LG Launches Watch Phone In India 109

roh2cool writes "If you are a watch freak and also happen to be a fan of ultra rare (and expensive) gadgets, this might just interest you. The LG GD910 watch phone looks like a normal watch – except for the fact that it can double up as your mobile phone when needed. 'It is quite thin at just 13.9mm and packs in 3G and Video Calling capabilities as well. The phone is quite stylish and the front fascia is covered by scratch-proof tempered glass. It comes with a Bluetooth headset so you don’t have to keep talking like David Hasselhoff talked to his super-car KITT in the “Knight Rider” series.'"
The Almighty Buck

Scientists Develop Financial Turing Test 184

KentuckyFC writes writes to share a new online test that is being touted as the "financial Turing test." The web-based exercise asks users to distinguish between real and randomly generated financial data. "Various economists argue that the efficiency of a market ought to be clearly evident in the returns it produces. They say that the more efficient it is, the more random its returns will be and a perfect market should be completely random. That would appear to give the lie to the widespread belief that humans are unable to tell the difference between financial market returns and, say, a sequence of coin tosses. However, there is good evidence that financial markets are not random (although they do not appear to be predictable either). Now a group of scientists have developed a financial Turing test to find out whether humans can distinguish real financial data from the same data randomly rearranged. Anybody can take the test and the results indicate that humans are actually rather good at this kind of pattern recognition."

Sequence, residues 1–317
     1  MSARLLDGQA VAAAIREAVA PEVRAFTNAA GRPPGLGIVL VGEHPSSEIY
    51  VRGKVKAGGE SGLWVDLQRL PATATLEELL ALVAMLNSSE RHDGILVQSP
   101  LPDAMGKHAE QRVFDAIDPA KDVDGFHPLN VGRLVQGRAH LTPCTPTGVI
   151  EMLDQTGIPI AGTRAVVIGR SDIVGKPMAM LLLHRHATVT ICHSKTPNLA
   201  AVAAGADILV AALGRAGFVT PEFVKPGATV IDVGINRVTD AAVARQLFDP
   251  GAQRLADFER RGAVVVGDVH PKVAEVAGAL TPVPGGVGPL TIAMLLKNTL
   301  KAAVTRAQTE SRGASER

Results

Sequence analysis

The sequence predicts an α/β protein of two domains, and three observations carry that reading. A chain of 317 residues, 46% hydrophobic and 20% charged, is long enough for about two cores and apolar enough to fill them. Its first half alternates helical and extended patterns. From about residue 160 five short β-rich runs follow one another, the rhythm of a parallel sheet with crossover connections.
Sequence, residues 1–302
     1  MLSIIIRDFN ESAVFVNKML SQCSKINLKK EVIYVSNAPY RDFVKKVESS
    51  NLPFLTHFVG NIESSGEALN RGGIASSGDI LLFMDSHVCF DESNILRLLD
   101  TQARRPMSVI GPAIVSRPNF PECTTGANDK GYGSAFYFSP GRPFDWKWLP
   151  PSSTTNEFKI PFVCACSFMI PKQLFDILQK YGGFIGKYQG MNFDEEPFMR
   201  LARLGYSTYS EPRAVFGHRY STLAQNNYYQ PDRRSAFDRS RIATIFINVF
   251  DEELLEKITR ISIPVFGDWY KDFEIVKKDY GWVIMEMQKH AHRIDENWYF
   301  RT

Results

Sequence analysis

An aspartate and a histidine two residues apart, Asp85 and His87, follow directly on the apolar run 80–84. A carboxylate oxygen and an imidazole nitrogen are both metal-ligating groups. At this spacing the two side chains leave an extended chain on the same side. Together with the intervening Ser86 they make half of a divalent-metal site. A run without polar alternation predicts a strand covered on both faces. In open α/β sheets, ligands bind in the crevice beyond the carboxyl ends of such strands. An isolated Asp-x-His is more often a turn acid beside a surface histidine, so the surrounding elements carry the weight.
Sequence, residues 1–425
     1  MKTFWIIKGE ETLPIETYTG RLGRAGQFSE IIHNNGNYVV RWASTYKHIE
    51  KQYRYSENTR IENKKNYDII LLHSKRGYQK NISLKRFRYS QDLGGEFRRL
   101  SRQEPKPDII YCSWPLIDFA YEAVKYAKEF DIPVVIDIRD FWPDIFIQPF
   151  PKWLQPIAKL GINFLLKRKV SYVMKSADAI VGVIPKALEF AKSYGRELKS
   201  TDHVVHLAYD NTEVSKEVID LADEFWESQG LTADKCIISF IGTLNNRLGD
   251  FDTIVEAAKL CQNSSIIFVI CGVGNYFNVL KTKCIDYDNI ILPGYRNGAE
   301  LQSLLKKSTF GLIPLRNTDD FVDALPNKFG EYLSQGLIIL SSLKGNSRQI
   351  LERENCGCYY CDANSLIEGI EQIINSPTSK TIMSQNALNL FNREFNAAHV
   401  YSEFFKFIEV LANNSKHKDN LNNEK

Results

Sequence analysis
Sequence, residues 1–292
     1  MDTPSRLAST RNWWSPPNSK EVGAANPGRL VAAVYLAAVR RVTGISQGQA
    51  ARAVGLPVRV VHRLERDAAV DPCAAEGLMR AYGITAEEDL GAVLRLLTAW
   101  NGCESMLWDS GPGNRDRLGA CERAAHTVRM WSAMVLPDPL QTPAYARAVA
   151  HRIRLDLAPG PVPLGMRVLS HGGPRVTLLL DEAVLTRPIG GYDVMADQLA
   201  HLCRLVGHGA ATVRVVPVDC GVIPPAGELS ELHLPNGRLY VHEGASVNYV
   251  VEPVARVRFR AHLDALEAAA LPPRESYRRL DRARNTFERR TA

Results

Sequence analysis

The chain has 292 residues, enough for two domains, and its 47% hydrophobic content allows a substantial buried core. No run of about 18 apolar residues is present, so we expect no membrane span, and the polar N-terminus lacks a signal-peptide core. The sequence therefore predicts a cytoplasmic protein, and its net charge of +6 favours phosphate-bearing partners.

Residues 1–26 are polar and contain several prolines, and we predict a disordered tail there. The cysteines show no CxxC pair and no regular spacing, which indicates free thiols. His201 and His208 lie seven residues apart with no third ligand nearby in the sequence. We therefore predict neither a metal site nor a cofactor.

Swiss Geologist On Trial For Causing Earthquakes 258

Hugh Pickens writes "BBC reports that Markus Haering's company had been working with the authorities in Basel, Switzerland to try to convert the heat in deep-seated rocks into electricity, but the project was suspended in 2006 when drilling triggered earthquakes, one of them with a magnitude of 3.4, leading Haering's company to pay out $9M in damages. Haering's team planned to drill a series of holes penetrating up to 3 miles (4.8 km) underground with water being pumped onto rocks with a temperature of more than 195C. Basel's location on top of a fault line – the upper Rhine trench – had been deliberately chosen because the heat was closer to the Earth's surface. A risk assessment has since shown that the prospect of further quakes is too high to continue drilling in the city. Haering faces up to five years in prison if the judge finds he intentionally damaged property. Haering has admitted the 3.4 magnitude earthquake was stronger than he had expected and that his team 'had very little knowledge of seismicity' before starting to drill, but called the quakes 'a learning process for everyone involved.' Despite Haering's trial, the Swiss appetite for geothermal projects has not diminished. Engineers are beginning preliminary drilling in Zurich to see whether that area was suitable for a similar scheme, and St. Gallen, in eastern Switzerland, plans to start work on its own geothermal project next year. Drilling efforts are being closely watched in the US, where the energy department is sponsoring more than 120 geothermal energy projects in several states."